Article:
Quickdraws for sport climbing and mountaineering
Quickdraws are an essential piece of climbing and mountaineering equipment and should be included in any alpinist's basic gear. Quickdraws are sometimes known as extenders. They consist of two non-locking carabiners connected by a dogbone. They extend the carabiners at intermediate anchors in order to reduce rope friction. Quickdraws act as an important link at anchor points and prevent the carabiner from twisting and causing dangerous transverse loads. Although the wide range of quickdraws may appear confusing at first, with a bit of experience you are sure to find the right product.
Quickdraws for mountaineering, multi-pitch alpine climbing and sport climbing
Quickdraws with a 12 cm dogbone have become standard for sport climbing. This length fulfills all of the important requirements without getting in the way on the belt too much. Longer dogbones are used for multi-pitch alpine routes and very long sport climbing routes, where reducing rope friction is of increased importance. The longest dogbones found on quickdraws are about 30 cm.
The different types of carabiner for quickdraws
Generally speaking, any common non-locking carabiner can be used for a quickdraw. Classic variations have an all-aluminum non-locking carabiner at both the protection-end (the end that connects to the bolt) and the rope-end (the end that connects to the rope). Key lock carabiners have been used almost exclusively for the last few years. The advantage being that the nose of the carabiner cannot get hooked up on the bolt. This significantly improves quickdraw handling.
You can also find quickdraws equipped with wire gate carabiners. The advantage of this design is that the closure does not freeze together in icy temperatures. They are also safer in so much as they are less susceptible to gate whiplash if the carabiner hits the rock, meaning they are less likely to undergo an "open gate" loading scenario. Some quickdraws feature wire gate carabiners with a keylock-like system, which combine the advantages of both forms carabiner. Other quickdraws use a combination of different carabiners. Whatever your personal preference it is easy to find the right quickdraw for you.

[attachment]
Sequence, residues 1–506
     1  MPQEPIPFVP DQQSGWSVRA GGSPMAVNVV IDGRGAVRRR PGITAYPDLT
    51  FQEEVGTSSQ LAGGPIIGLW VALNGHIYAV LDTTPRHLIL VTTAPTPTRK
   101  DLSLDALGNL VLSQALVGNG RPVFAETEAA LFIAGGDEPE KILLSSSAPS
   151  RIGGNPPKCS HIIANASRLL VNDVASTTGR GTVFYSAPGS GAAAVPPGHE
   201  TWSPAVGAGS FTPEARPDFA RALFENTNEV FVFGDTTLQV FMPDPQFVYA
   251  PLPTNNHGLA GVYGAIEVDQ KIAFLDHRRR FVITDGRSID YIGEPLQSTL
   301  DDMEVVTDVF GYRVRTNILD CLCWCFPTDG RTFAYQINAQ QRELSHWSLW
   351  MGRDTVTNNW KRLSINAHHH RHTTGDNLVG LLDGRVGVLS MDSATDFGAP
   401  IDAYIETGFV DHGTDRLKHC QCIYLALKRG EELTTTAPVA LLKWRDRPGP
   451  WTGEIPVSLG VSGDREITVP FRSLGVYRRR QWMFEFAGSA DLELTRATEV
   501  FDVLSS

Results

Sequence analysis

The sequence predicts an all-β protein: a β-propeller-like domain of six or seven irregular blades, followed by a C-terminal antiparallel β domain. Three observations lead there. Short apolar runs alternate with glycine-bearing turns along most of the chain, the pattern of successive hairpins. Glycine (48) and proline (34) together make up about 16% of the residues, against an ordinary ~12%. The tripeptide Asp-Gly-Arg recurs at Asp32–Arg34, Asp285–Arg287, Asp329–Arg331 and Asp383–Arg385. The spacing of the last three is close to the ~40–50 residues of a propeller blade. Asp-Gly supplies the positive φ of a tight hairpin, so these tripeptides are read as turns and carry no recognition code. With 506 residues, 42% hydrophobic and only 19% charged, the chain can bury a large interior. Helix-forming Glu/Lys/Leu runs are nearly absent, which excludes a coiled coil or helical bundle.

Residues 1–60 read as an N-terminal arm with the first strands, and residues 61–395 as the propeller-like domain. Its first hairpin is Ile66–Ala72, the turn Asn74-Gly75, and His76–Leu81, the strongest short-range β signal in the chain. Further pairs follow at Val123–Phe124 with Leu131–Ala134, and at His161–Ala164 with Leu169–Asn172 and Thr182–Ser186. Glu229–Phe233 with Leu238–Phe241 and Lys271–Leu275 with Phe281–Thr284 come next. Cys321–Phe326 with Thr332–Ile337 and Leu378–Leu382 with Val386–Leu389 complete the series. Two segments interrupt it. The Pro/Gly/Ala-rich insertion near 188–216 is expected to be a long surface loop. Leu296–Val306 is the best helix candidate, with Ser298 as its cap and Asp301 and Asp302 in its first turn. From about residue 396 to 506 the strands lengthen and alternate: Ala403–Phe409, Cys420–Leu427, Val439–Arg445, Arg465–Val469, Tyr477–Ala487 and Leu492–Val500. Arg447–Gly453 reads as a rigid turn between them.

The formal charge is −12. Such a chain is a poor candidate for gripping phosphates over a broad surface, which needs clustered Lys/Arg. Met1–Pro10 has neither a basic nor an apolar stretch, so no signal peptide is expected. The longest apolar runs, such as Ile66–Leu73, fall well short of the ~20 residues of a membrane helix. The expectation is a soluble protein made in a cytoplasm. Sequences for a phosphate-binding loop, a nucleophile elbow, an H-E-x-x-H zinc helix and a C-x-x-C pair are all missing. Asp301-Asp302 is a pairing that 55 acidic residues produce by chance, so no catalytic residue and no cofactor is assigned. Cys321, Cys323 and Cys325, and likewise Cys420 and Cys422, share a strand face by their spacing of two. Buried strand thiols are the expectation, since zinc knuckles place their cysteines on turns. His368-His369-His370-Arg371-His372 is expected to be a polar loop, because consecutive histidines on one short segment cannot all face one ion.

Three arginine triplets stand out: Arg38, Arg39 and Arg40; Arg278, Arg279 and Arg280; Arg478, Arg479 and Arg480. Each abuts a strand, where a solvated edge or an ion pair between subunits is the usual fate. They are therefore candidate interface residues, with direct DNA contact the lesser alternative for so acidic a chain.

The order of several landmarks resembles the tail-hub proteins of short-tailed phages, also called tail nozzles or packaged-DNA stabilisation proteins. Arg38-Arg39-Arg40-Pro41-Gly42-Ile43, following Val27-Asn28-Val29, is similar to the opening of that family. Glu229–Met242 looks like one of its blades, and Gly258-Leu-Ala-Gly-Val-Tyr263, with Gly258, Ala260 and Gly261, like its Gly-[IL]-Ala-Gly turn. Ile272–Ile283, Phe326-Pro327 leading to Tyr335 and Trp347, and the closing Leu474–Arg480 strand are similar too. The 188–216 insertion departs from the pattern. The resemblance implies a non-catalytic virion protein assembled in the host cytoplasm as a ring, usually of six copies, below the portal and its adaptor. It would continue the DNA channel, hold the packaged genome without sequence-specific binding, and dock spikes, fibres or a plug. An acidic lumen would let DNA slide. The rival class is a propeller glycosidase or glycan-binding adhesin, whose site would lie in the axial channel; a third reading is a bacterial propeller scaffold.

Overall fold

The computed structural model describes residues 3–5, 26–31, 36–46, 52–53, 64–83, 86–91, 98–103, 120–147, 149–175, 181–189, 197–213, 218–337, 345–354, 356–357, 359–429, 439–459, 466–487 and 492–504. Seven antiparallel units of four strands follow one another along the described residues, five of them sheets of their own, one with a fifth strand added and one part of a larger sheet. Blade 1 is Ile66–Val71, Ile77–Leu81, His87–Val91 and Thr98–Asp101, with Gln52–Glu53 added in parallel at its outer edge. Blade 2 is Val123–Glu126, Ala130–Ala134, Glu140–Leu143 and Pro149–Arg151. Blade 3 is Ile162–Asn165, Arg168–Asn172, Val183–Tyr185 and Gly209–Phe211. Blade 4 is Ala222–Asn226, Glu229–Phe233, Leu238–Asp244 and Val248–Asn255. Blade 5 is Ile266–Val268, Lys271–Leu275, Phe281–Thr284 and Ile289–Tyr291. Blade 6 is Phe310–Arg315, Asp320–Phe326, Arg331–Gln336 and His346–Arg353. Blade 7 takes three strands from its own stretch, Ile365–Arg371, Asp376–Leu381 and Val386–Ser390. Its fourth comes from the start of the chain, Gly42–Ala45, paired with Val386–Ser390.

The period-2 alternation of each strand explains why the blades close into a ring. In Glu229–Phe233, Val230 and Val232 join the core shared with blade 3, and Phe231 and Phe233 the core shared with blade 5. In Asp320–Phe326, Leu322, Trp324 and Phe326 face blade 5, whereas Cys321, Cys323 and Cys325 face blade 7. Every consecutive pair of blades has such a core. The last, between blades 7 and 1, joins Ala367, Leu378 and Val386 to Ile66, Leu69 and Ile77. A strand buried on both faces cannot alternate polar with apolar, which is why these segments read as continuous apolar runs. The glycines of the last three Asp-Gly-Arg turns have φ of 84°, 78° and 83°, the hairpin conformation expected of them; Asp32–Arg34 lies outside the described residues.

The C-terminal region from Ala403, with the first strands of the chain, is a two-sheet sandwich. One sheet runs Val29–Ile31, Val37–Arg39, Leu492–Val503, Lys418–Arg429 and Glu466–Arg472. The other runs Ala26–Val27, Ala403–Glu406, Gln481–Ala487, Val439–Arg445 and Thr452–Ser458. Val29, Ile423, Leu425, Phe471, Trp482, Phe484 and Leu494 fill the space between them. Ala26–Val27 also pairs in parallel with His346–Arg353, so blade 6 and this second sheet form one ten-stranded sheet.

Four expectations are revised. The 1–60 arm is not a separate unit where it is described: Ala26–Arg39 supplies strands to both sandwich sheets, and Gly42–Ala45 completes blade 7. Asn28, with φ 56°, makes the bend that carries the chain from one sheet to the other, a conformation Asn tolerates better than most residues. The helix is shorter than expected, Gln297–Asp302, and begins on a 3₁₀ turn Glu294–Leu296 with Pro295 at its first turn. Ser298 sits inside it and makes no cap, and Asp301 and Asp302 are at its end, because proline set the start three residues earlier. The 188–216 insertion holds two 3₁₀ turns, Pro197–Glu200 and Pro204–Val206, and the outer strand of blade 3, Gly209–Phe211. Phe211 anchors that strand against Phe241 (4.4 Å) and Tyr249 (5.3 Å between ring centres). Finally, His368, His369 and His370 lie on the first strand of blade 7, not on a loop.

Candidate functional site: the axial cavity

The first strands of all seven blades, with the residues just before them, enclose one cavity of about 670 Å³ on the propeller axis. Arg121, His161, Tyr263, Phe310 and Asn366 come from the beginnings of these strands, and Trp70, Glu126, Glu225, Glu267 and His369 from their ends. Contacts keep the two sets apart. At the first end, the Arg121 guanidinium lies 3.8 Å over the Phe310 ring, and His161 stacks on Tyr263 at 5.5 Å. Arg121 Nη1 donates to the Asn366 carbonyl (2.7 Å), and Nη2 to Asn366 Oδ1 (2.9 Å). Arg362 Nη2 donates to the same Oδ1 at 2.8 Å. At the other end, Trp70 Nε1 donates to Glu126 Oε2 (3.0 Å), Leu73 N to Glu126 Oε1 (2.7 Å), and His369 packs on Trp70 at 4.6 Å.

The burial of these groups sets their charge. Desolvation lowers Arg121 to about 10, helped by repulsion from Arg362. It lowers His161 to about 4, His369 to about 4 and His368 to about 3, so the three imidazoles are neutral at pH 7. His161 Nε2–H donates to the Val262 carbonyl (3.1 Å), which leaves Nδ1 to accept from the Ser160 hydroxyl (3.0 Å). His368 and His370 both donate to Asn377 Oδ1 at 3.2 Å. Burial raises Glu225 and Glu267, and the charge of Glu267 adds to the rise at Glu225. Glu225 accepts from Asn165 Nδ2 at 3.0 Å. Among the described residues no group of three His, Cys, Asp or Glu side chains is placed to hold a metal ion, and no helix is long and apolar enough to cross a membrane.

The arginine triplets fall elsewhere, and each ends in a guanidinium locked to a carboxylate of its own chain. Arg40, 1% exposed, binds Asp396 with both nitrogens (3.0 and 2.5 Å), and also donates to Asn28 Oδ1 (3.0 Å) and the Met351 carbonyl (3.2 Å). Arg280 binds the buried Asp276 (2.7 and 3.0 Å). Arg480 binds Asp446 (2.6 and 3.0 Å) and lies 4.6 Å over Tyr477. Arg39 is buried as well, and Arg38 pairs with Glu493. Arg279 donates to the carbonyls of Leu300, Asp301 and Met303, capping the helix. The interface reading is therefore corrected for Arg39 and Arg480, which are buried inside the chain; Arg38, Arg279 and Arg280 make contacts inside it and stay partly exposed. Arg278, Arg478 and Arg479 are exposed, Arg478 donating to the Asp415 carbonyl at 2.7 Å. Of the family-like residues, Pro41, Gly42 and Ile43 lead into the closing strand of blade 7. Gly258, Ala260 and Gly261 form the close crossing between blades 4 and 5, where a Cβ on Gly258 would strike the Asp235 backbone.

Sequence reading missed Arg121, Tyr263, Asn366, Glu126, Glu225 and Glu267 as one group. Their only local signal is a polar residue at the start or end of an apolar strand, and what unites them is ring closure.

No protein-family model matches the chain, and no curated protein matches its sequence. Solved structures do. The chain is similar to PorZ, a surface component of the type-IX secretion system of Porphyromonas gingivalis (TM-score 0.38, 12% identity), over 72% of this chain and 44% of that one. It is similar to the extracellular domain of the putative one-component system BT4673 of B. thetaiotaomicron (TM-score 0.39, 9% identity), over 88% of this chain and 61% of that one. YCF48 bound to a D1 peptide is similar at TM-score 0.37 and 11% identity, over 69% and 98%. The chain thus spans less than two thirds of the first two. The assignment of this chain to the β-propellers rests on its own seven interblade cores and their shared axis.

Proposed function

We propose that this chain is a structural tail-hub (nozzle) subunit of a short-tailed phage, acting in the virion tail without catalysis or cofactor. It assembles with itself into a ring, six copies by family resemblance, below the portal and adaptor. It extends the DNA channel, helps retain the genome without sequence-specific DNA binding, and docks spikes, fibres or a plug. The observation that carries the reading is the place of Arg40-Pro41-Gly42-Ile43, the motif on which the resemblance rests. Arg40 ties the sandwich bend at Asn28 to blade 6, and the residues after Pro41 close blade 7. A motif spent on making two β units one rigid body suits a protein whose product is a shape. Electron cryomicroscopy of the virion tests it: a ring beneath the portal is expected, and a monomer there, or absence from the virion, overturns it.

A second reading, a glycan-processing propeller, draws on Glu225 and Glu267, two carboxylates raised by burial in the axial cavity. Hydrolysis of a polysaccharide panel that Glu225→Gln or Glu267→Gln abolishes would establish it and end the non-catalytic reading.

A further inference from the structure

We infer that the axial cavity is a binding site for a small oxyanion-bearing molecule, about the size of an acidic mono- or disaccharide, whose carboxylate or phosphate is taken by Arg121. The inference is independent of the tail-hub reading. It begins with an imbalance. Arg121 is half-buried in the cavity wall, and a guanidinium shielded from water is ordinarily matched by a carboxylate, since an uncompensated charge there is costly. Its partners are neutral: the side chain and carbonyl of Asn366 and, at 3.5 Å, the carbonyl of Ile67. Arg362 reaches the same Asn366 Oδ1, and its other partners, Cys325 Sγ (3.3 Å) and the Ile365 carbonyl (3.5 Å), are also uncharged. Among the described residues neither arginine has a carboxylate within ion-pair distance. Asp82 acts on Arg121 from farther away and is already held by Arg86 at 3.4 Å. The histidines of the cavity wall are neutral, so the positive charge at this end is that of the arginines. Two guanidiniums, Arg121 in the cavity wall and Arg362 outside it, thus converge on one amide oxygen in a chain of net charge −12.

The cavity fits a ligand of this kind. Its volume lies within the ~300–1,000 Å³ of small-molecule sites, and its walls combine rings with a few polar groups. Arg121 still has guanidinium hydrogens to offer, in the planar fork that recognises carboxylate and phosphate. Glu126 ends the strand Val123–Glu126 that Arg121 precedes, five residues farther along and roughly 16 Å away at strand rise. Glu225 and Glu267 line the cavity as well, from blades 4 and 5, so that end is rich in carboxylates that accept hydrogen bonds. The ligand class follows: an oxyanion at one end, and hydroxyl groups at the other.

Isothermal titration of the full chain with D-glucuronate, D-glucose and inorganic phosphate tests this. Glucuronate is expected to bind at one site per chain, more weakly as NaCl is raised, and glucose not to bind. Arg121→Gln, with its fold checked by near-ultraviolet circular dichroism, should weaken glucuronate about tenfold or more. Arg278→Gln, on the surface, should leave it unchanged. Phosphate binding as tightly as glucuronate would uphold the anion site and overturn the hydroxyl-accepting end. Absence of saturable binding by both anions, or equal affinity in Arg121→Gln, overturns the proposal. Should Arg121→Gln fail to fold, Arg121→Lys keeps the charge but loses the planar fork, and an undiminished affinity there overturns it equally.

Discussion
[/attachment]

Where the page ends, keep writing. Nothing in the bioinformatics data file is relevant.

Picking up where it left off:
Dyneema or nylon dogbones?
Another question which inevitably comes up when buying quickdraws is that of the dogbone material. Dyneema has the advantage of being much lighter and is used for quickdraws where keeping the weight to a minimum is the priority. Nylon is heavier, but less sensitive to UV radiation. Nylon slings are also slightly wider and as a result often preferred by beginners and when checking out routes - they are much easier to grab hold of than thinner Dyneema quickdraws. Another practical detail to look out for is rubber keepers on the quickdraw. They prevent the rope-side carabiner from twisting into the dogbone. This further improves safety and makes clipping the climbing rope in the quickdraws even easier.
Special types of quickdraw
As well as the oversized quickdraws mentioned above there are some other special designs. For example, quickdraws which feature locking carabiners at both ends. This design is ideal for particularly important intermediate belay points, since the danger of an open load is greatly reduced. You also get quickdraws with a stiffer dogbone which can be used as a makeshift clip stick.